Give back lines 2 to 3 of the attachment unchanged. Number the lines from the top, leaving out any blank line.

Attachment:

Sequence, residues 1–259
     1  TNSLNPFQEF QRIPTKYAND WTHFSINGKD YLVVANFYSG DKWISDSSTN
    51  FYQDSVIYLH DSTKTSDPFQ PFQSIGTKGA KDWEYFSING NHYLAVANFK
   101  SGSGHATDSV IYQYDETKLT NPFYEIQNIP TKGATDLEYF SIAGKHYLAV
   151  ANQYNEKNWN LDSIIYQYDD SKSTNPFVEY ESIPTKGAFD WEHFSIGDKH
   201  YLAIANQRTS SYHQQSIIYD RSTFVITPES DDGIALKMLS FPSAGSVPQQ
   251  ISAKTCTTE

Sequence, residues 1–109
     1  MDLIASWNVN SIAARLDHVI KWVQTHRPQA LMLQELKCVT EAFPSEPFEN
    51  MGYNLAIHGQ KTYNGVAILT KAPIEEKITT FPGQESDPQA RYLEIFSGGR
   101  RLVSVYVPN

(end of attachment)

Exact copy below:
     1  TNSLNPFQEF QRIPTKYAND WTHFSINGKD YLVVANFYSG DKWISDSSTN
    51  FYQDSVIYLH DSTKTSDPFQ PFQSIGTKGA KDWEYFSING NHYLAVANFK